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Blog topic: German Infantry in early WW2

February 12, 2015

Early German infantry WW2

Early German infantry. Photo shows infantry and artillery soldiers at the Russian border, June of 1941. A camouflaged artillery piece appears to be towed behind a horse drawn wagon. Note artillery soldiers on horses in front of wagon (near upper right of photo). Public Domain photo.

As late as May of 1940, there were still problems with the Blitzkrieg attacks in that the infantry could not keep up with the Panzer units. Except for the small number of armored divisions and mechanized infantry divisions, the rest of the German army looked very similar to the soldiers in the American Civil War with the majority of German soldiers walking or riding horses.

The Panzers were good at attacking weak points and getting in behind enemy lines, moving rapidly and capturing a lot of territory. But they were not very good at holding territory. The Panzer divisions included a relatively small portion of infantry. And if you parked a tank long enough, sooner or later the opposition would get an artillery gun or an airplane and attack the tank. Moreover, you needed infantry to hold the territory that the Panzer units had conquered, in order to repel enemy infantry assaults.

Many mechanized units were actually riding bicycles—a distinct improvement over walking, but is hardly the same as riding in a truck or armored personnel carrier. An infantry man on a bicycle could pedal 20 miles in a morning and still fight all afternoon, whereas an infantryman on foot would spend the entire day walking the 20 miles and it would probably be a 10 hour day at that.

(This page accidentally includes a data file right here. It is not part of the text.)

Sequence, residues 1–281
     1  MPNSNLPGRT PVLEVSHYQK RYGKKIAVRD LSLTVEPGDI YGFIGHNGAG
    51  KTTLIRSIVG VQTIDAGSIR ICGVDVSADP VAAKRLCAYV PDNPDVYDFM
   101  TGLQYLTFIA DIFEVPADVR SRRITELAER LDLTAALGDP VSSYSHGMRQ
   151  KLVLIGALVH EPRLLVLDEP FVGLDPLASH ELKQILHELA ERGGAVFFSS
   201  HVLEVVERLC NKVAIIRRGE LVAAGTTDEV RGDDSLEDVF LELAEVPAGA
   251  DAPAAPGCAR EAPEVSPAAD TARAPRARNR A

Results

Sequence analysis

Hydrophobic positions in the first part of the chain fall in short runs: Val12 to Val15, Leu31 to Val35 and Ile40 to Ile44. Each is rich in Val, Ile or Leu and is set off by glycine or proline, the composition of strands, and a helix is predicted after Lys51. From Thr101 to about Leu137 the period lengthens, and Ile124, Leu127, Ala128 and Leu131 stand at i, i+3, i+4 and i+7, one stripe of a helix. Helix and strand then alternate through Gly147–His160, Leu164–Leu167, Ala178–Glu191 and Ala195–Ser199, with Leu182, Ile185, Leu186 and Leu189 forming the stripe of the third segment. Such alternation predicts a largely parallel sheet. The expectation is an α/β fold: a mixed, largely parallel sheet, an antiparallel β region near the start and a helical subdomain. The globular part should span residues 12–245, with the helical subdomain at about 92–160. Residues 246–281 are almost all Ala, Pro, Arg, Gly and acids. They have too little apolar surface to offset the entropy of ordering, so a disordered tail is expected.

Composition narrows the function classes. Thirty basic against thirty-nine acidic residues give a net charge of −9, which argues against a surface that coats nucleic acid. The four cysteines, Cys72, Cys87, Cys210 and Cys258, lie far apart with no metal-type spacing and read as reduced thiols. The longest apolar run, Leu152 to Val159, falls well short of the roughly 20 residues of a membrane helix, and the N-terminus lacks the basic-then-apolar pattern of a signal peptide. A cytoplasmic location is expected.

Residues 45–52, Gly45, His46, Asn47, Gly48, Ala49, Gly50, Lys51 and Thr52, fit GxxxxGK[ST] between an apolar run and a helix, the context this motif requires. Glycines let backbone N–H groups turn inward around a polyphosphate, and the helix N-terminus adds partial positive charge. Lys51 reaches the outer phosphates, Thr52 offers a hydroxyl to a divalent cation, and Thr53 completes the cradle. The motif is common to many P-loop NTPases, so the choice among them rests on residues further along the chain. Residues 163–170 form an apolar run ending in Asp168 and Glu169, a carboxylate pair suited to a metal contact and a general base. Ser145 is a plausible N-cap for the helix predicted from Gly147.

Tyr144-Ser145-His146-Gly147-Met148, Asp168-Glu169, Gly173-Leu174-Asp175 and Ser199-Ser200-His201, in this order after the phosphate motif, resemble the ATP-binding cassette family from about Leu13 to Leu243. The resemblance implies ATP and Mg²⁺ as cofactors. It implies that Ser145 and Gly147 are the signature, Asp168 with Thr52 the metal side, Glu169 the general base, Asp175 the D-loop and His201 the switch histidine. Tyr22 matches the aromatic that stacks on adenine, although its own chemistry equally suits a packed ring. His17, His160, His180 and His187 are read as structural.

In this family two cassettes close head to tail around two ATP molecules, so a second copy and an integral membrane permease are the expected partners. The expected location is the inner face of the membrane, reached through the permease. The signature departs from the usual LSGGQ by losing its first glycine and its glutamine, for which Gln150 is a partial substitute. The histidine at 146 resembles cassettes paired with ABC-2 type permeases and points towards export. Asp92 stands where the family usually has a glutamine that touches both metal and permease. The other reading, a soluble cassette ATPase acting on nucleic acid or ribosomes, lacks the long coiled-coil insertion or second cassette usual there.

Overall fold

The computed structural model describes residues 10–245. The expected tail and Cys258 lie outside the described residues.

Since the infantry just wasn't keeping up with the Panzer units, the immediate solution was to put the soldiers in trucks. But the trucks were also needed for bringing up supplies, food, ammunition, and most of all fuel. A typical German truck in May 1940 would carry ammunition and food but any empty space of every German army supply truck was dedicated to jerry cans filled with fuel to keep the tanks running.

The German army had considered this problem already and their solution was the half tracked armored personnel vehicles. And that's the latest addition to my model collection – the German armored half track, which I'll talk about in a future post. However, the problem by May 1940, was that not enough half tracks had been produced and the vehicles that were available were typically commandeered for use to tow artillery and for command vehicle use. There just weren't enough around to equip all of the German mechanized infantry divisions, which were designated the Panzer Grenadiers.

Consequently, the infantry had a difficult time keeping up with the tanks in the battle against France and the Low Countries. Although the Germans captured these areas, the operation lacked major elements of the original plan. But by June of 1941, a year later, production had continued and a significant number of Panzer Grenadier divisions were now equipped with these armored half-tracks.

~ Jon


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